Hispanic South America’s forgotten first-ever train turns 170
Lima, 17 May (EFE).- It has been 170 years since Hispanic South America’s first ever train line was opened in Peru, in what was at the time a major leap forward into modernity but which today has been largely forgotten.
The train line, connecting the capital Lima with the coastal city of Callao, was launched 30 years after the country had won its independence from Spain thanks to English private investments.
“It was definitely a turning point in public transport because it introduced the rail service in Peru; other lines followed, but this was the first,” researcher Elio Galessio tells Efe.
The train was a huge step towards modernizing public transportation as it connected the then-walled city of Lima with the Callao port in just 28 minutes, much faster than through the Lima’s chaotic road traffic.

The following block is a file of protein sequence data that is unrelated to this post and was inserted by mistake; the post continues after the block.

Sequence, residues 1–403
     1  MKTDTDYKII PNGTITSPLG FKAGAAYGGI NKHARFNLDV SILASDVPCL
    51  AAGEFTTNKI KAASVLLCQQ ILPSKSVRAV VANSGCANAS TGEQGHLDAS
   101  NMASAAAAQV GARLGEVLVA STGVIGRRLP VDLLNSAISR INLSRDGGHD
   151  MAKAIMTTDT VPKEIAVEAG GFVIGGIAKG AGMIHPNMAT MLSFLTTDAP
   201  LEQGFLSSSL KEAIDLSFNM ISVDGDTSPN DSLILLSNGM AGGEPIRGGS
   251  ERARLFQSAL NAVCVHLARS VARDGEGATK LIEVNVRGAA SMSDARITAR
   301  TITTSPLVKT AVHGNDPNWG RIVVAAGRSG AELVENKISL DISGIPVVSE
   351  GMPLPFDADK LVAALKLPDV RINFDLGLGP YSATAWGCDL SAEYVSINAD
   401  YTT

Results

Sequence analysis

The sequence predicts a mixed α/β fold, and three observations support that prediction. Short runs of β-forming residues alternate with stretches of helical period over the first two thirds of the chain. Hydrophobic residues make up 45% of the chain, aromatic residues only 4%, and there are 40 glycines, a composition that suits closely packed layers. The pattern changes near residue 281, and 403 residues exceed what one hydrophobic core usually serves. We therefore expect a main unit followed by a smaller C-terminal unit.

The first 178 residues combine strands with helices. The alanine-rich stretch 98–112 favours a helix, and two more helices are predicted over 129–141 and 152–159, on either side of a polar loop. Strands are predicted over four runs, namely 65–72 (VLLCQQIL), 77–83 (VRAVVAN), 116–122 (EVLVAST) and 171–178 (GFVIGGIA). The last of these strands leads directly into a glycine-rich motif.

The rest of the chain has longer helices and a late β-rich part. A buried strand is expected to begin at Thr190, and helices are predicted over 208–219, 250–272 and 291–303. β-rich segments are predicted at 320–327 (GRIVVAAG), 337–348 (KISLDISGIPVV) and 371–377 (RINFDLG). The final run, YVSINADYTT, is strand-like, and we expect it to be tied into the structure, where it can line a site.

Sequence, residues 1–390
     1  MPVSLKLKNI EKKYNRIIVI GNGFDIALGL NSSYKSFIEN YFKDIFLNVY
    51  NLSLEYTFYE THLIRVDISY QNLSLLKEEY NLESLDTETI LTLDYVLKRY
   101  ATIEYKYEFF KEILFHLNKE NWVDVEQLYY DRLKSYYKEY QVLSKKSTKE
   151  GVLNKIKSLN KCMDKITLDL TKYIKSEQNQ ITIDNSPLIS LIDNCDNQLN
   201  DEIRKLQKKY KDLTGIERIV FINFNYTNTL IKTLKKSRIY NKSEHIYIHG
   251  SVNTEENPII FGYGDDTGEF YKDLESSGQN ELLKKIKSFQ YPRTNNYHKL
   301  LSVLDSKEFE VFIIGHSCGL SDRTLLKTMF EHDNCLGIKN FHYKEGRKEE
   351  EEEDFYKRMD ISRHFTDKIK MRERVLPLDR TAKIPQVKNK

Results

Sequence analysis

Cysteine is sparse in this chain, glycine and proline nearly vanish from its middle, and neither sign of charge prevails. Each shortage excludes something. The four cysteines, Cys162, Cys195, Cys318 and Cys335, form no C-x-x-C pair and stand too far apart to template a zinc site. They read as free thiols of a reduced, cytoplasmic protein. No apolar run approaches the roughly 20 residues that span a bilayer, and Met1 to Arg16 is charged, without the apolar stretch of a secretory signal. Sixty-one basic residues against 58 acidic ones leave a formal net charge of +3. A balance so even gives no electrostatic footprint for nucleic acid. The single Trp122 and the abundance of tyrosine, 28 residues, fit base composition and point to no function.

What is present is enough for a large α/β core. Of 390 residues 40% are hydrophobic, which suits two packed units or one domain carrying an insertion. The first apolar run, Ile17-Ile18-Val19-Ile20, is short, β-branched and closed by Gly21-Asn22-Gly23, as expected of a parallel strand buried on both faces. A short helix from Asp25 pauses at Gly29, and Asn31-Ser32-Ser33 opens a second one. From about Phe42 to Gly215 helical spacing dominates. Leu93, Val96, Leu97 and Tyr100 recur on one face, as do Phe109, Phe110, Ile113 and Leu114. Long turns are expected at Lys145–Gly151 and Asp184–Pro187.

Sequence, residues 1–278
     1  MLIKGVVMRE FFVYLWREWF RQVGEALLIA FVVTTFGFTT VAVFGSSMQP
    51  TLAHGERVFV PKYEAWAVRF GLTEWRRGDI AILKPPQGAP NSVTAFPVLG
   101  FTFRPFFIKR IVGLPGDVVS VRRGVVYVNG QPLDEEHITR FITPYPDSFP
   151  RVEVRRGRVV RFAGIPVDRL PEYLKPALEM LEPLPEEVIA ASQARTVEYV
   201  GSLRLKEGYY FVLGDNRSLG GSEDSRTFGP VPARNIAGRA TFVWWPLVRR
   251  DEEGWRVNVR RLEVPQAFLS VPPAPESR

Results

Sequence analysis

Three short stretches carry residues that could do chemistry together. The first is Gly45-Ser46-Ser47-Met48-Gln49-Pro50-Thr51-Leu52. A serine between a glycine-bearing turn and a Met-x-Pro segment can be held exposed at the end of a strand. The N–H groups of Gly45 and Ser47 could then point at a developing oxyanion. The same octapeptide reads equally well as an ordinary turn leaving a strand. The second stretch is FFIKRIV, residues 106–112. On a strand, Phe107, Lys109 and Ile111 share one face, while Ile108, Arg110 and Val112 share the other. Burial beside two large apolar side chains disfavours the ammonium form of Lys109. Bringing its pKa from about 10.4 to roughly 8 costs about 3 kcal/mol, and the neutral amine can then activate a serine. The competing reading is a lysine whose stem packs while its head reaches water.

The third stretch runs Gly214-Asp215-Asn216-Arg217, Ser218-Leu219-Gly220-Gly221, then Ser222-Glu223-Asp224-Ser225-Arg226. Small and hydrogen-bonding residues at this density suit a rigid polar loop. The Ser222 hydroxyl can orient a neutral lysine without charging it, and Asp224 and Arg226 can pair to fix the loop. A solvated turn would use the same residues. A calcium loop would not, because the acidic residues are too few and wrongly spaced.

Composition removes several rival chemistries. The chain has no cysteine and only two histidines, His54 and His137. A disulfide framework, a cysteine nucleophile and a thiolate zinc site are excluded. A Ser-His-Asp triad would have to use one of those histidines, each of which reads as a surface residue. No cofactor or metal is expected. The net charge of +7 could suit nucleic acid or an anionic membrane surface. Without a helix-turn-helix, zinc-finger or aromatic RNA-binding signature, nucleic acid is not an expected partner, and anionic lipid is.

When trams were introduced, the line was relegated to cargo before being put out of service in the late 1930s.
Scholars pay little attention to it despite its role in the beginning of the second industrial revolution, as there is scant remaining evidence of its existence in Lima, Galessio laments.
What little is left can be found in an industrial area, where part of the rails of the old tracks are still visible.
“All that historical railway background put Peru in another stage of public transport. But unfortunately the railway grew until the 30s, only to sharply decline afterwards,” the researcher said.
Given the limited railway service that his country currently has, Galessio believes that “development necessarily involves having a good public transport network”.
This network should include “trains made for the times, for fast transport for both passengers and cargo,” he says.